Compare any two graphics cards:
Radeon HD 5770 vs Radeon HD 7770
IntroThe Radeon HD 5770 uses a 40 nm design. AMD has set the core frequency at 850 MHz. The GDDR5 memory is set to run at a frequency of 1200 MHz on this model. It features 800(160x5) SPUs as well as 40 TAUs and 16 ROPs.
Compare those specifications to the Radeon HD 7770, which comes with clock speeds of 1000 MHz on the GPU, and 1125 MHz on the 1024 MB of GDDR5 memory. It features 640 SPUs along with 40 TAUs and 16 Rasterization Operator Units.
(No game benchmarks for this combination yet.)
Power Usage and Theoretical Benchmarks
Power Consumption (Max TDP)
In theory, the Radeon HD 5770 will be 7% faster than the Radeon HD 7770 overall, due to its higher bandwidth. (explain)
Texel RateThe Radeon HD 7770 will be a little bit (approximately 18%) better at anisotropic filtering than the Radeon HD 5770. (explain)
Pixel RateThe Radeon HD 7770 is just a bit (approximately 18%) better at FSAA than the Radeon HD 5770, and capable of handling higher resolutions without slowing down too much. (explain)
Please note that the above 'benchmarks' are all just theoretical - the results were calculated based on the card's specifications, and real-world performance may (and probably will) vary at least a bit.
Please note that the price comparisons are based on search keywords - sometimes it might show cards with very similar names that are not exactly the same as the one chosen in the comparison. We do try to filter out the wrong results as best we can, though.
Memory Bandwidth: Memory bandwidth is the largest amount of information (counted in MB per second) that can be moved over the external memory interface within a second. It's calculated by multiplying the interface width by the speed of its memory. If the card has DDR type RAM, it should be multiplied by 2 once again. If it uses DDR5, multiply by ANOTHER 2x. The higher the memory bandwidth, the better the card will be in general. It especially helps with anti-aliasing, HDR and higher screen resolutions.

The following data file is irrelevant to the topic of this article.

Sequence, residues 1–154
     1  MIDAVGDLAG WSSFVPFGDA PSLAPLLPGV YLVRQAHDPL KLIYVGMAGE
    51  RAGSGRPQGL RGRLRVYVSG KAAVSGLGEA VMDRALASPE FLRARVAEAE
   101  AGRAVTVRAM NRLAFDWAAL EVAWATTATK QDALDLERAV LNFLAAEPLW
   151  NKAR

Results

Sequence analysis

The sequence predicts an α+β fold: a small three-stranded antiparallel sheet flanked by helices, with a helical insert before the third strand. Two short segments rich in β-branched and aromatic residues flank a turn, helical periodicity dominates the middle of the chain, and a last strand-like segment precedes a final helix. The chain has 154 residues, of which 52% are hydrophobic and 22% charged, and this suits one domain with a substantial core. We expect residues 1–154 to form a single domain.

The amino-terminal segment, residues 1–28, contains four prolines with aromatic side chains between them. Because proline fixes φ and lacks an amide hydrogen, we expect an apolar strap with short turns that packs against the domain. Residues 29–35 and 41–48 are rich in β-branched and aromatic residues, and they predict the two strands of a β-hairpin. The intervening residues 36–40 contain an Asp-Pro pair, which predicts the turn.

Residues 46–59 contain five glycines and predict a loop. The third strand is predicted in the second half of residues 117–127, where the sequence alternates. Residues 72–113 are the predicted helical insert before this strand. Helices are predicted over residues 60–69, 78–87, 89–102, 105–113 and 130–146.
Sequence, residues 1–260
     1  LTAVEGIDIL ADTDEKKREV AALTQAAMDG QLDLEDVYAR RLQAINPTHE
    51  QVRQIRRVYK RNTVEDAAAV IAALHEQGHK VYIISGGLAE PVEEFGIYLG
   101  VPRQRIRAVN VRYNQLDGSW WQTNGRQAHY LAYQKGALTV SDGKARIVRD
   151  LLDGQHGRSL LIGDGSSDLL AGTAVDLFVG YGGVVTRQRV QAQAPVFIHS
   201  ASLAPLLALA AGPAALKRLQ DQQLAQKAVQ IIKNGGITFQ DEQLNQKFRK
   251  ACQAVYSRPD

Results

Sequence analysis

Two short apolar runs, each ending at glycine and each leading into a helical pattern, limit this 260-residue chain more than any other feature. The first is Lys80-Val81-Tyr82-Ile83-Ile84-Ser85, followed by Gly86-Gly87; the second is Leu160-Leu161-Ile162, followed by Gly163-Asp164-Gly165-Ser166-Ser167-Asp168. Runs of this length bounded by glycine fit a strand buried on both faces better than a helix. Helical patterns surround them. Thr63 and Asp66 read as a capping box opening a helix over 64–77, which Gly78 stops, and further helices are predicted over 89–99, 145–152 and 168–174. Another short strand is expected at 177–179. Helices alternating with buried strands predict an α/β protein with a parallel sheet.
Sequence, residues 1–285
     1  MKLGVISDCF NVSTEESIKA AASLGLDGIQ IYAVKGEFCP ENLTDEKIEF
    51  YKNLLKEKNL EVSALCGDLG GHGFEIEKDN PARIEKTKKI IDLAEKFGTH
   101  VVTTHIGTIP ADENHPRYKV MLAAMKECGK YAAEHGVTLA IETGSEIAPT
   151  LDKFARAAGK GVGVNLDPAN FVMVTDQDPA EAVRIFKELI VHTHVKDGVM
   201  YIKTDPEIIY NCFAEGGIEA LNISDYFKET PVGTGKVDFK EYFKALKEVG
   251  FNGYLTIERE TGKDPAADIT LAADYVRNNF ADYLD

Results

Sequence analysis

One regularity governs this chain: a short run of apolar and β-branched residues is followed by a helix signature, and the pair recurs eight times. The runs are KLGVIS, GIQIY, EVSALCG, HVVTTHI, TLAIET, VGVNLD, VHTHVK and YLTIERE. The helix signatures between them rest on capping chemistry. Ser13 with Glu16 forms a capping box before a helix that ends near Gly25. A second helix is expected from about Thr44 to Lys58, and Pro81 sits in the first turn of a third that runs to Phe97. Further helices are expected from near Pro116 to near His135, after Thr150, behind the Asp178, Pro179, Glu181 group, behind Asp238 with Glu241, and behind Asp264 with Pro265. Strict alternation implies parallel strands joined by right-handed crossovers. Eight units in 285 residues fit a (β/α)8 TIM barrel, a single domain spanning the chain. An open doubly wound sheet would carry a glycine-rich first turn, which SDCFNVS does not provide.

Texel Rate: Texel rate is the maximum texture map elements (texels) that can be applied in one second. This number is calculated by multiplying the total texture units of the card by the core speed of the chip. The higher this number, the better the graphics card will be at handling texture filtering (anisotropic filtering - AF). It is measured in millions of texels processed in a second.
Pixel Rate: Pixel rate is the maximum number of pixels the graphics card can possibly record to the local memory in a second - measured in millions of pixels per second. The figure is calculated by multiplying the number of ROPs by the clock speed of the card. ROPs (Raster Operations Pipelines - also sometimes called Render Output Units) are responsible for filling the screen with pixels (the image). The actual pixel rate is also dependant on lots of other factors, most notably the memory bandwidth of the card - the lower the memory bandwidth is, the lower the ability to get to the max fill rate.